Sarah Gottlieb 

One shot: design guidelines for single-use medical devices

RCA Communication Art & Design

Research partner
NHS National Patient Safety Agency

Thousands of single-use, small-scale medical devices such as catheters, dressings, syringes and surgical sutures are used in hospitals every day. However the design of their packaging and labelling can often lead to misuse and mis-selection by medical staff, as key information is not immediately visible. This project set out to work towards clearer information design, evaluating existing problems and solving them through design guidance. The study is supported by the National Patient Safety Agency (NPSA), which informs and influences the health sector on safer patient care.

Between April 2006 to March 2007, 24,207 patient safety incidents involving medical devices were reported to the NPSA’s Reporting and Learning System. This equates to 66 adverse incidents every day. The data suggests that such incidents can often be ascribed to human error.

‘Misuse of medical devices is often due to poor labelling’

The research began with an analysis of labelling and packaging in other industries. There is a wealth of existing knowledge that can potentially improve healthcare products and processes. IKEA, for example, has dealt with multi-language manuals by using only image-based instructions. The application of a coherent colour-coding system has been used to good effect in other sectors.

Meetings were held with manufacturers of Single Use Devices (SUDs) in order to understand their design needs, production methods and financial restrictions. User interviews were held with nurses, matrons and procurement personnel. Personal experiences and preferences were noted, along with a discussion of key issues and problems. After a first draft of the design guidelines was completed, creative workshops were held with NHS staff in order to get their feedback. A similar approach engaged designers in the medical packaging industry.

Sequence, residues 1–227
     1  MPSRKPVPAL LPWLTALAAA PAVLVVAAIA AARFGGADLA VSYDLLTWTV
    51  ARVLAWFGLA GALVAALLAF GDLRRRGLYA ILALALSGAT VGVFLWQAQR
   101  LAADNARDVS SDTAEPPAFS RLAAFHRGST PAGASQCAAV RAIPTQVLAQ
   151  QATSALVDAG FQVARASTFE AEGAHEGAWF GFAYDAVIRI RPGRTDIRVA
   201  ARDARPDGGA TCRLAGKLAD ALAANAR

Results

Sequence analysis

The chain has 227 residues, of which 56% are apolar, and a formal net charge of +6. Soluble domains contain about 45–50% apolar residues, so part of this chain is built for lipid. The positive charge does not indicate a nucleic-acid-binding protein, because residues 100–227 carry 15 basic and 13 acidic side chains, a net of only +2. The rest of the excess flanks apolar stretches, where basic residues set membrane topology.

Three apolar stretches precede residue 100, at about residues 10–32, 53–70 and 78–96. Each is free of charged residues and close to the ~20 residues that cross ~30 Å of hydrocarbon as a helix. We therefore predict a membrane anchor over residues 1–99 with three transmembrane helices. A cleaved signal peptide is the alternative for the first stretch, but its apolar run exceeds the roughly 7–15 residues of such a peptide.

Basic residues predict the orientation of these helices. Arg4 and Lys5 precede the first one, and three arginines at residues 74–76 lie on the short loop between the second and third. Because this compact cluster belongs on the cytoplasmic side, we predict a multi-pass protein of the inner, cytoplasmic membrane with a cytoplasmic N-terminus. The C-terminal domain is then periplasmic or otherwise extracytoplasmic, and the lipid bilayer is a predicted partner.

The research resulted in a series of recommendations for SUD packaging design. The use of colour, space and hierarchy of information are just some examples of the many issues highlighted. Each point is illustrated in a book, with accompanying design recommendations.
Interestingly, some of the recommendations have been inspired by the improvised solutions of staff. For example, long and short term catheters are currently only distinguished by a reference number. On one ward, the housekeeper made coloured circles on the existing packaging to make this distinction clearer. The design recommendation builds on this workaround.

Visits to other wards revealed handwritten signs on drawers and shelves indicating what device was stored where. This inspired a shelf-label to be supplied by the manufacturers. The label is to match the design of the medical device, so aiding the selection process and quickly indicating if a device is put back on the wrong shelf.

The design recommendations will undergo final review by a wide range of stakeholders before full dissemination to the medical devices industry in the UK and healthcare procurement groups in the NHS. This work, represented in the exhibition by a proof copy of the book plus a research video and exemplar packs, will join a growing body of similar outputs from the NPSA aimed at improving design for patient safety.

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